“How and why are rights used for aggressive purposes?” (p. 2). This is the central question Clifford Bob sets out to answer in Rights as Weapons: Instruments of Conflict, Tools of Power. The author answers this question by providing a typology for classifying various tactics in which actors use rights in offensive, aggressive, defensive, and calculated ways against opponents. The breakdown is thorough and analytically useful beyond the cases he uses for empirical assessment.

Bob, a professor of political science at Duquesne University, has focused his career on the study of transnational civil society and has made important contributions to this field with previous works such as The Global Right Wing and the Clash of World Politics (2012) and his earlier book The Marketing of Rebellion: Insurgents, Media, and International Activism (2005), both published by Cambridge University Press. Throughout his work, analysis of rights-based advocacy has been consistently highlighted. In this most recent of his books in this area, Bob challenges the reader to think beyond the ways in which we would normally conceive of rights. He uses an analytical frame that does not define rights within a moral context, which then allows us to think of rights as claims.

Within the context of human rights, we often think of rights as an entitlement that protects the weak against the powerful. But just as other weapons, rights can be deployed also, and often, by the powerful against the weak. Bob reviews how rights can be used as “rallying cries” (to mobilize support [chapter 2]), “shields and parries” (to counter threats [chapter 3]), “camouflage” (to mask motives [chapter 4]), “spears” (to overturn laws [chapter 5]), “dynamite” (to destroy cultures [chapter 6]), “blockades” (to suppress subordinates [chapter 7]), and “wedges” (to break coalitions [chapter 8]).

For example, in chapter 2, Bob explains how rights can be used as rallying cries, which he defines as the “use of rights within a political movement to mobilize support among the movement's constituents and its potential third-party allies” (p. 27). Types of rallying cries broken down in the chapter include “humanizing and naturalizing,” “universalizing,” “depoliticizing,” and “absolutizing.” In chapter 4, the author looks at how animal rights in the conflict around Catalonia show how “adaptable nationalist politicians exploit rights that extend well beyond those of their own communities to advance their cause and hurt their foes” (p. 78). Animal rights groups and Catalan nationalists found common cause in a common enemy: Spain's Constitutional Court and Castilian domination. Throughout the book, Bob weaves analytical categories with case evidence that illuminate the often-unseen underside of rights advocacy.

For readers familiar with the topic of and discourse around Israel/Palestine, Bob cites several examples of rights as weapons that should be eminently familiar. For example, he references Nicola Perugini and Neve Gordon's book, The Human Right to Dominate (Oxford University Press, 2015), in which they demonstrate that “Israel's Jewish settlers now employ indigenous and property rights to deprive Palestinians of land and ultimately to undermine Palestinian activism, if not Palestinian society itself” (p. 7). Further, in describing rights weaponized as “wedges,” Bob explains the use of pinkwashing by Israel as an effort to weaponize LGBT rights to divide the Palestine solidarity movement. “LGBT rights are a useful tool for backers of Israel aiming to weaken the international support network for the Palestinians. … When a political tactician inserts a wedge, he seeks to exploit and widen these latent cracks in the opposing coalition to gain an advantage in the larger conflict. Put another way, rather than making a frontal assault on the foe or the core issues, the tactic represents a flank move against the foe's support coalition, using a rights claim to loosen vulnerable members” (p. 187).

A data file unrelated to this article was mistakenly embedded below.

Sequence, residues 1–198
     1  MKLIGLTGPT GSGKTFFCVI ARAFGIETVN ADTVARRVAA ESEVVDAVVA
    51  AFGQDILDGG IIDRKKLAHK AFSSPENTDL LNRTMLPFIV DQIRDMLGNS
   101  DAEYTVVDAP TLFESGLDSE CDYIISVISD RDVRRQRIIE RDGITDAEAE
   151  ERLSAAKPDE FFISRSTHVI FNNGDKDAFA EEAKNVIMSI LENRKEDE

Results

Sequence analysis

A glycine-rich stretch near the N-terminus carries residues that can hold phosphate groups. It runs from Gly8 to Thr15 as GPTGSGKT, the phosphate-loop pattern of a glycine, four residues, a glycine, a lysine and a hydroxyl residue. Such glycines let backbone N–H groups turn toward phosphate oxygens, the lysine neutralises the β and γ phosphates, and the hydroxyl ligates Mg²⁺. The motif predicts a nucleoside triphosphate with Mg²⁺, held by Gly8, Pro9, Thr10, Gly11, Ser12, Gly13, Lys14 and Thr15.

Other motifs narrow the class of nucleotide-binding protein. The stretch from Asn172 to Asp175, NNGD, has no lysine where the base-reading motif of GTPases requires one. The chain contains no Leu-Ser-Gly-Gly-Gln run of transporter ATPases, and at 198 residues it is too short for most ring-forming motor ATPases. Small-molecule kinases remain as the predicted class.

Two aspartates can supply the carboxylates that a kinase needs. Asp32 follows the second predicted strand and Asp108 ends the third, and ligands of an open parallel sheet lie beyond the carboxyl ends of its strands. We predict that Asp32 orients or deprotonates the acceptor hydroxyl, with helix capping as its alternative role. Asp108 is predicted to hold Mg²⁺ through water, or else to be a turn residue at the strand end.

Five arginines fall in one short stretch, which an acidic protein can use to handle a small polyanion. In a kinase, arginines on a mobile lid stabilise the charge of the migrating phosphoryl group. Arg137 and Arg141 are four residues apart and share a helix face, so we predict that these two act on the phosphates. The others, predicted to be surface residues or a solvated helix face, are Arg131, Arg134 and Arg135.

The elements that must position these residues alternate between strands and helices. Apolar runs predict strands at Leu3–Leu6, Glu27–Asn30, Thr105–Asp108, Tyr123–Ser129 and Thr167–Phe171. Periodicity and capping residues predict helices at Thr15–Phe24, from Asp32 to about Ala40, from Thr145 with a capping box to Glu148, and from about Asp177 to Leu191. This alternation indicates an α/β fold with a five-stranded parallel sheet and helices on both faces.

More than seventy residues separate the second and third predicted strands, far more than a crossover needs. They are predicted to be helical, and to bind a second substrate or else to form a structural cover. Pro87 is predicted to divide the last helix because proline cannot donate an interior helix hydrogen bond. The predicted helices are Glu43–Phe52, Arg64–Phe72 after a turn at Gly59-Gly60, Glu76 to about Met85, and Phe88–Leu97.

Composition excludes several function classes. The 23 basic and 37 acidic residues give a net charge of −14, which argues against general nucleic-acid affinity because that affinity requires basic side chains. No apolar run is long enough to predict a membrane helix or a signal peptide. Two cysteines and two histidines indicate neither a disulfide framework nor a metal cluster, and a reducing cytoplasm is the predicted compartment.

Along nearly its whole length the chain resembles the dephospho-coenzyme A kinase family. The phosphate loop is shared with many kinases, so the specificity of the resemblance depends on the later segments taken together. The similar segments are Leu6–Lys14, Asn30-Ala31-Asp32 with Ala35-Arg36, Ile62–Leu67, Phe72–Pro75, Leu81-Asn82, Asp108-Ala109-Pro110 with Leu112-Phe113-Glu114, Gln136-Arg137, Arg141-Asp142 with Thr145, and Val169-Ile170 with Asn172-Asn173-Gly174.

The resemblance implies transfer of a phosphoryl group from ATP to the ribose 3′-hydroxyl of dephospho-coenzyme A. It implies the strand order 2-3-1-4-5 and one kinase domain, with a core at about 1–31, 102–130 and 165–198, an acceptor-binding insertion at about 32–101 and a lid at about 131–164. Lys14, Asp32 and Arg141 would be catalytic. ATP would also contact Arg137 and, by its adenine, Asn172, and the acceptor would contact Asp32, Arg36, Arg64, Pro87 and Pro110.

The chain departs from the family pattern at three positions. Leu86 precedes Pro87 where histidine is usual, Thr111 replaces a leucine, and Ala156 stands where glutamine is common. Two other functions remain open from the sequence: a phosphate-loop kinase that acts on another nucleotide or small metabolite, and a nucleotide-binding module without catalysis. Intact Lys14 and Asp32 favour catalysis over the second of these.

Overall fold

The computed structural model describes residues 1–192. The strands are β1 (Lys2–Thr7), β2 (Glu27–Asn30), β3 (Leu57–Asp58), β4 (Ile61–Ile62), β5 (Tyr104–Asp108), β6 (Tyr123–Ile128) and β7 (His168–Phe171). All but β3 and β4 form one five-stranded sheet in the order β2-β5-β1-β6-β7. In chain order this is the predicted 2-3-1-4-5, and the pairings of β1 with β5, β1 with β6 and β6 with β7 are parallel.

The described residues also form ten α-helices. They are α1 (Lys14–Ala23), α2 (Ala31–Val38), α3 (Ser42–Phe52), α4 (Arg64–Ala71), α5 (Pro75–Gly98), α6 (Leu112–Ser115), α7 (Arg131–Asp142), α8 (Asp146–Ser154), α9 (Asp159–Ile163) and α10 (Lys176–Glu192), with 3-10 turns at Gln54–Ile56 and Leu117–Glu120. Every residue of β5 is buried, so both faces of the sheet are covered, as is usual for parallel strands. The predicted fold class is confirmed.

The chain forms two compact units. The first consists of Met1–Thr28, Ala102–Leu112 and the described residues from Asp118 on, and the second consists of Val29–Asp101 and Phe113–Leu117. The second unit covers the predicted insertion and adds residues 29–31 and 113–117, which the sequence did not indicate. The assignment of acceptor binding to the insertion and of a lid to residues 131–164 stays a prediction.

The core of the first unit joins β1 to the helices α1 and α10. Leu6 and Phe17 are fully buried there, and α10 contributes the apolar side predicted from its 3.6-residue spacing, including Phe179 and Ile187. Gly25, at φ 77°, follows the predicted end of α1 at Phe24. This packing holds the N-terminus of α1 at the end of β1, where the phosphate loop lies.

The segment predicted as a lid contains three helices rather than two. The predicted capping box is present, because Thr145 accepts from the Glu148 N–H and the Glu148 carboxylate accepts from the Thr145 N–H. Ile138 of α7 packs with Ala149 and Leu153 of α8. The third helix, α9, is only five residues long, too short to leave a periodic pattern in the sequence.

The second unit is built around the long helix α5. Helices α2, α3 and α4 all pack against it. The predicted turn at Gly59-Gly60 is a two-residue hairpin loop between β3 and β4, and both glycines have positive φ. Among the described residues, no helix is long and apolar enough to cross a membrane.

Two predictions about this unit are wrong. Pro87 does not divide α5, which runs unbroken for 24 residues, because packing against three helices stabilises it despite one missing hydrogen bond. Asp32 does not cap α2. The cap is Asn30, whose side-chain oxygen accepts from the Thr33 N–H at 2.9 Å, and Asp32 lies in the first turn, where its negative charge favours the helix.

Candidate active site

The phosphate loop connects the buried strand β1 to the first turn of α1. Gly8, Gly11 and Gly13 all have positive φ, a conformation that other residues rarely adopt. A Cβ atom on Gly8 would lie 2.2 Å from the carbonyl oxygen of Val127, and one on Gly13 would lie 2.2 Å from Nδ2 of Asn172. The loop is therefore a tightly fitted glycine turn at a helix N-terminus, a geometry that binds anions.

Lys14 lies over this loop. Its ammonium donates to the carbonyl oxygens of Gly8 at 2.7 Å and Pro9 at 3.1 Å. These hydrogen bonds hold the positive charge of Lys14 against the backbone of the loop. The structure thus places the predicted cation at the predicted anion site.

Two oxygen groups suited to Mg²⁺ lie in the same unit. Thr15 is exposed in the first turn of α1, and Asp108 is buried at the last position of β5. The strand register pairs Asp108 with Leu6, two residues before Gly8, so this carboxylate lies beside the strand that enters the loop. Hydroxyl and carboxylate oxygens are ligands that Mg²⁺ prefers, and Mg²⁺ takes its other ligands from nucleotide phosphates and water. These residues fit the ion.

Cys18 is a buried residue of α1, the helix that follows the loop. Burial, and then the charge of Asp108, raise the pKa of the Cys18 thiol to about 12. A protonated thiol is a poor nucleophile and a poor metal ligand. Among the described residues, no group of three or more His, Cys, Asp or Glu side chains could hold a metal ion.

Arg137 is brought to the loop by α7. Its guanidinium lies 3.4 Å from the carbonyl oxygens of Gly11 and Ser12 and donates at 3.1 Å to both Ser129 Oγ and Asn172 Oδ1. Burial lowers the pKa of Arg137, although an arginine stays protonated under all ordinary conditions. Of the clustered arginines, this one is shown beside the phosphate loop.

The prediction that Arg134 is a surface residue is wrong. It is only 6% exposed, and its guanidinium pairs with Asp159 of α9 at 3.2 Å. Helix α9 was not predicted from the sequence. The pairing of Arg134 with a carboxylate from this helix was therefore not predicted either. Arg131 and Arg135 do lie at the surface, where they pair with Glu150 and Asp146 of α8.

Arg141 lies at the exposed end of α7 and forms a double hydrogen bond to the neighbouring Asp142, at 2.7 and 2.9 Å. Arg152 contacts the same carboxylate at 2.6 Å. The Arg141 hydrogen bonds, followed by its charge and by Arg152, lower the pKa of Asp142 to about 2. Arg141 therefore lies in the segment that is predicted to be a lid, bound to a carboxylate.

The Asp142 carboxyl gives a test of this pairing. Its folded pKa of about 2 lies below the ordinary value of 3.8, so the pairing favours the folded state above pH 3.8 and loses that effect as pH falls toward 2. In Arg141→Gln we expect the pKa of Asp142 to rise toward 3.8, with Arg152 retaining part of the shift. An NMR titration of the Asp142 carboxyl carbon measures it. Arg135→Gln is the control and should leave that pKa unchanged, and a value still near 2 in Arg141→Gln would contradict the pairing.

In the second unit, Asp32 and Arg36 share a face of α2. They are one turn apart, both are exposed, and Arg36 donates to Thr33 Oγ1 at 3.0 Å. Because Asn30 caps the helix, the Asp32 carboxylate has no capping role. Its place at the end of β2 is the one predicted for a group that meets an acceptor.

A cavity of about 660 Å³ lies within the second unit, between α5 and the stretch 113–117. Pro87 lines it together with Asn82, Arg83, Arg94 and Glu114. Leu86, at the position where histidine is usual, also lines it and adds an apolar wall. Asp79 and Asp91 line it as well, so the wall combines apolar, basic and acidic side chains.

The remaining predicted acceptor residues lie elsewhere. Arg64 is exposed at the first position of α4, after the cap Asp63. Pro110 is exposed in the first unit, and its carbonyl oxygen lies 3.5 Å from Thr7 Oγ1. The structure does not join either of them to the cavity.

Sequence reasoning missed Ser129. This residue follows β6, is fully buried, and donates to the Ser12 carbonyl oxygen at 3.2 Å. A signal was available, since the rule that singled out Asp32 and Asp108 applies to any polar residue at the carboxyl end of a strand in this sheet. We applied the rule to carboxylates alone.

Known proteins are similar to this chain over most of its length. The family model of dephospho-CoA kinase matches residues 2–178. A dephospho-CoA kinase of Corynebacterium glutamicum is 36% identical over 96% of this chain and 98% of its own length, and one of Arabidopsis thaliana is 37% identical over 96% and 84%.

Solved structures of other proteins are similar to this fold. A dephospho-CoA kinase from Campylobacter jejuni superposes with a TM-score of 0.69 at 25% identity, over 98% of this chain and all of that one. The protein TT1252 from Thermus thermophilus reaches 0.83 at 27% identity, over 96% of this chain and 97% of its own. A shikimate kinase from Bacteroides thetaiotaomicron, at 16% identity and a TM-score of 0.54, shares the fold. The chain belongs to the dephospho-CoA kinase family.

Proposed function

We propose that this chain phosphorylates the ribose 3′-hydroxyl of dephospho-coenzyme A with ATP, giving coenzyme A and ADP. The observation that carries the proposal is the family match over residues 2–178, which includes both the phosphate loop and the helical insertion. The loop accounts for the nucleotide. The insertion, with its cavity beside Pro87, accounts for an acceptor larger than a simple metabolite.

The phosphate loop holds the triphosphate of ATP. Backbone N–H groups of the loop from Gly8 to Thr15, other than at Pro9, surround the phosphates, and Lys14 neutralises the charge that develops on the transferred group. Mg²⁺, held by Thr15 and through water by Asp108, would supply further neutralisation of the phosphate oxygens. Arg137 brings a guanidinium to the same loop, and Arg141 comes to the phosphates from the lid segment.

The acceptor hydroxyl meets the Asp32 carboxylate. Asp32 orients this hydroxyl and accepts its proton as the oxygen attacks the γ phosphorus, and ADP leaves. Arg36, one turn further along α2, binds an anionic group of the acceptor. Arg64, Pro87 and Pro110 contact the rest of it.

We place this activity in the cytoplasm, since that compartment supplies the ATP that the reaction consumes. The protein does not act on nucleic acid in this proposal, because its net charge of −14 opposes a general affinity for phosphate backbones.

In sum, Bob's contribution in Rights as Weapons builds on his previous work as well as the work of others who have developed the literature on the role of civil society in international relations and contentious politics toward advancing an understanding of civil society not merely as a countervailing force to the traditional forces of power politics but rather as a unique arena in which traditional power politics can play out in different ways, including through the weaponization of rights. “As tools of politics,” Bob writes in the book's conclusion, “rights can be put to any number of defensive and offensive uses” (p. 217).

Clifford Bob stresses that this realpolitik assessment of rights is not intended to pass a supportive moral judgement on the use of such weapons by the powerful against the weak but rather to provide a clear-eyed analytic framework for understanding how rights are utilized by different actors with varied relationships to power. In doing so, he has provided students and scholars of international politics and civil society a useful guide.